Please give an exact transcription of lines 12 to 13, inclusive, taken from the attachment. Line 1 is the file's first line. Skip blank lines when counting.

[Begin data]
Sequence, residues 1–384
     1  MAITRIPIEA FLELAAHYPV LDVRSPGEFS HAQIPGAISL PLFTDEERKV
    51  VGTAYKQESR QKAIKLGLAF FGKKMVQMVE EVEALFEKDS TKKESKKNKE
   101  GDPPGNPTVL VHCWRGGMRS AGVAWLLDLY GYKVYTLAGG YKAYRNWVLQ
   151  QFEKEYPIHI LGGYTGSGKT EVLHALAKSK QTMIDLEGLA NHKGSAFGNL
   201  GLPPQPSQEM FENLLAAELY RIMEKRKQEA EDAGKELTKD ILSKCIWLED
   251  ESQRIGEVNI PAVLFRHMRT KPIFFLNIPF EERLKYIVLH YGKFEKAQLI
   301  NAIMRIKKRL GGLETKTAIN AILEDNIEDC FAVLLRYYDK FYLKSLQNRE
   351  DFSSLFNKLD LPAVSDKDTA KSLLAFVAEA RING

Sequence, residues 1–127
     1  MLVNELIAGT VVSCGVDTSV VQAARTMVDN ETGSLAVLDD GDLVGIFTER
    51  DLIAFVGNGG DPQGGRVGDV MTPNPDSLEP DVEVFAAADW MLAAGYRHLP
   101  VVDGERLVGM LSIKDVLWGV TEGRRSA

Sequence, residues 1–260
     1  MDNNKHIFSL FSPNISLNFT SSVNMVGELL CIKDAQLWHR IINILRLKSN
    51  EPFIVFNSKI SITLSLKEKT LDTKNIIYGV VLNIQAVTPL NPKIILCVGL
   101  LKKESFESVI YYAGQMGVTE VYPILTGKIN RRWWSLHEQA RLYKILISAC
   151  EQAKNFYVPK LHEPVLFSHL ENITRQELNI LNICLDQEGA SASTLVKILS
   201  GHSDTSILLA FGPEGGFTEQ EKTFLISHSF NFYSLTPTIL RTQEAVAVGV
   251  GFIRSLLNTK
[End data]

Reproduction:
    51  DLIAFVGNGG DPQGGRVGDV MTPNPDSLEP DVEVFAAADW MLAAGYRHLP
   101  VVDGERLVGM LSIKDVLWGV TEGRRSA